Tom Alter, a veteran of film and stage, was a gora sahib with a desi heart

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Written by Shaikh Ayaz
| Mumbai |
Updated: September 30, 2017 12:52 pm


With his blond hair, white skin and raffish air, it was easy for anyone to think of Tom Alter as American or British. But when he spoke in chaste Hindi and Urdu, there was no more confirmation needed for his Indian-ness.

In the eyes of the movie-viewing public at large, Tom Alter was the stereotypical British soldier or Company man who never lost an opportunity to show his arrogant colonial contempt. Being mistaken for a foreigner in his own land was something that Tom Alter, who passed away at 67 today battling skin cancer, had to endure all his life. He was born in Mussoorie in Uttarakhand in 1950, just three years after Independence, and was as much an Indian as anyone else. With his blond hair, white skin and raffish air, it was easy for anyone to think of him as American or British. But when Alter spoke in chaste Hindi and Urdu, there was no more confirmation needed for his Indian-ness.

Alter, son of American missionary parents whose family moved to India from Ohio way back in 1916, may be familiar to Bollywood fans for playing roles of tyrant jailers, British police officers and Raj-era lords and generals but ironically, his theatre image was quite the opposite. While Bollywood stereotyped him as an India-hating colonial the stage provided a much-needed redeeming grace. It was on stage that he took on much more meaningful acts playing a wide variety of Indian patriots. He has enacted Maulana Azad in both films and theatre. In the recent play Mohan Se Mahatma, he was Mahatma Gandhi. “Gandhi was a dubla-patla Gujarati. My idea was not to mimic but to honour him,” the actor said in July, when the play – based on Gandhi’s first Satyagraha in Champaran – was staged. Alter was fascinated by history and had expressed a wish to play Jawaharlal Nehru and Jinnah on stage. “”I have played so many roles, but playing Nehru and Jinnah on stage should be exciting. We haven’t explored the lives of these people,” he was reported to have said some years ago.

However, as a child, Alter was more interested in sports than cinema. He went on to keep that passion alive by his involvement as a sports teacher and his cricket writing over the years. In fact, Sachin Tendulkar’s first TV interview was with Alter, which naturally went viral upon its discovery some years ago. But Rajesh Khanna’s Aradhana in 1969 changed the course of Alter’s life. Inspired by Khanna’s crazy stardom, he came to Mumbai to try his luck in acting. “I didn’t know who Rajesh Khanna was before Aradhana. But in just one week I saw that film at least thrice,” Alter said in a Rajya Sabha TV interview. He had just returned from an American university then and was consumed by a singular passion for cinema. He soon enrolled at the FTII in Pune. Though it would have been a dream to share screen space with his idol Rajesh Khanna Alter was not so lucky. It was with Dharmendra that he got his first break. The film was Charas in 1976. It was followed by Shatranj Ke Khilari, the legendary Satyajit Ray’s first Hindi film. Here, he got a chance to indulge in his other passion – a love for Urdu poetry. His character Captain Weston introduces General Outram (Richard Attenborough) to the language, people and poetry of India. In an early scene from the film, Alter recites Wajid Ali Shah’s verse, proving his impeccable command and diction of Urdu, a language that has shaped Alter’s life.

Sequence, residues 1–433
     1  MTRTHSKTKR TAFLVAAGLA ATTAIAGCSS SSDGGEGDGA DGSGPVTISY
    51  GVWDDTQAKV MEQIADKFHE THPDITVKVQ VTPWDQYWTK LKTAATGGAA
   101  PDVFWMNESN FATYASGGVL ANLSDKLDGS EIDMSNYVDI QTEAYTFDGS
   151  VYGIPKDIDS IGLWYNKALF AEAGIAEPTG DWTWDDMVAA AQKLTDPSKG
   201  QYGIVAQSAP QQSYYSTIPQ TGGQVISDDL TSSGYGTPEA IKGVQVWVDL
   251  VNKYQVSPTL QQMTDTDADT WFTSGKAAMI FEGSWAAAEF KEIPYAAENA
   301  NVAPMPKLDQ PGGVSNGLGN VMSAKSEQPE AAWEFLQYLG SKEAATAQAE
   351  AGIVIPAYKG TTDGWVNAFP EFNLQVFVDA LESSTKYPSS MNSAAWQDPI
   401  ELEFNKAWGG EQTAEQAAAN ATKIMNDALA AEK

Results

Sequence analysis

Fresh out of FTII, Alter had recalled going up to Dilip Kumar, one of his favourite stars and asking for his acting recipe. “Poetry,” the thespian replied, unhesitatingly. “For the last forty years, I am both confused and ecstatic by Dilip saab’s reply,” said Alter in a recent interview. “I know poetry has been his life. Just like it has been a part of every great actor’s life, from Raj Kapoor and Dev Anand to Naseeruddin Shah and Shabana Azmi. When I look back, I consider myself lucky that my entire family have been poetically inclined.” As a child, Alter would be made to read the Bible in Urdu by his father, a priest. In later years, his love for the language inspired him to play such great Urdu literary figures as Ghalib, Sahir Ludhianvi and Bahadur Shah Zafar on stage.

In a career spanning four decades, Alter has appeared in hundreds of films. Cinema, Urdu poetry and cricket have remained his true passions. And though theatre gave him a much more open platform to display his wares, the stage was never his first love. “My friends are surprised even today about why I chose to become an actor,” he said on Rajya Sabha TV.

“I have always wanted to be a sportsman. There’s no sport in the world that I haven’t given a shot at. Sports is my real love.”

(Shaikh Ayaz is a writer and journalist based in Mumbai.)

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